Math is objective
There's no inbetween
It's logical, explainable,
Practical, and clean
The fact that it's perfect
Intimidates me
Sometimes solutions
Are hard to see
I have one major problem
Related to testing
Seems I always know the answer
To the question no one's asking
But I've learned more than I realized
When I recently tested
My SAT Math scores
Were really impressive
Math isn't easy
Every puzzle's a test
But I respect it, I need it
And I always do my best
D. Niederman and D. Boyum, (What The Numbers Say, Broadway Books, 2003)
... large amounts of quantitative information are a feature of many such jobs, and good quantitative thinking is crucial to doing the jobs well. But matrix algebra is not required. Nor are high school staples such as quadratic equations, analytic geometry, and imaginary numbers (p. 2).
Lest there be any doubt, and lest your grade school experiences suggest otherwise, percentages exist in order to make our lives easier (p. 80).
Ron Aharoni, a math professor at Technion, Israel, in the Forward to his recent Arithmetic for Parents, admits (unwittingly I believe  AB) that most of the adults make do without mathematics:
Most adults have long buried their memories of studying mathematics. All they really want is to forget the trauma. They accept their past incomprehension as a tolerable, albeit painful, fact. "You don't really need to know mathematics," they console themselves. Until one day the need does arise and the old anxieties resurface. This happens when their child begins dealing with the same experiences.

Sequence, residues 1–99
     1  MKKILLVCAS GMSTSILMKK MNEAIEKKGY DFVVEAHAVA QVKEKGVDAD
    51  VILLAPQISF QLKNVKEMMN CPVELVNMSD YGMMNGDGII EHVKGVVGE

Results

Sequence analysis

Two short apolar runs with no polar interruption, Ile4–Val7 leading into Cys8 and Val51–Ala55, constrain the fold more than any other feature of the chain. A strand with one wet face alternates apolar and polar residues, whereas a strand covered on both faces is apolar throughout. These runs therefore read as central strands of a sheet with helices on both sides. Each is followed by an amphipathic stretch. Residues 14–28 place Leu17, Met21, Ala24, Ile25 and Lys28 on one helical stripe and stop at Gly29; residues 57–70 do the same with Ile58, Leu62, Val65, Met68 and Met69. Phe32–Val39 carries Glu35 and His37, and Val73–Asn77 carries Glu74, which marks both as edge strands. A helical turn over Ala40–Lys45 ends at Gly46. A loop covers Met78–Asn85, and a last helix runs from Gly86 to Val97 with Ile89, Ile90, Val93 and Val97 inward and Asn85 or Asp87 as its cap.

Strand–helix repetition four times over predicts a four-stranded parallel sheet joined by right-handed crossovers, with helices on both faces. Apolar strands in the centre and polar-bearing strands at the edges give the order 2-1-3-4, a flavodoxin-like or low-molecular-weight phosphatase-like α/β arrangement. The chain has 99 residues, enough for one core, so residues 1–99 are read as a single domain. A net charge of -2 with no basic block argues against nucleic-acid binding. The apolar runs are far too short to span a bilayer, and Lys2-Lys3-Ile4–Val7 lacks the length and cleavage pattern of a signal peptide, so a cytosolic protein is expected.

A lovely advice is found in Mary Everest Boole's Philosophy And Fun Of Algebra (London: C. W. Daniel, LTD, 1909).
Algebra can be made about anything which any human wants to know about (but does not  AB). Everybody ought to be able to make Algebras; and the sooner we begin the better. It is best to begin before we can talk; because, until we can talk, no one get us into illogical habits; and it is advisable that good logic should get the start of bad.
Sir John Herschel (17921871), who named seven moons of Saturn and four moons of Uranus, has been quoted by A. de Morgan (A Budget of Paradoxes, p. 81):
Admission to its sanctuary, and to the privileges and feelings of a votary, is only to be gained by one meanssound and sufficient knowledge of mathematics, the great instrument of all exact inquiry, without which no man can ever make such advances in this or any other of the higher departments of science as can entitle him to form an independent opinion on any subject of discussion within their range.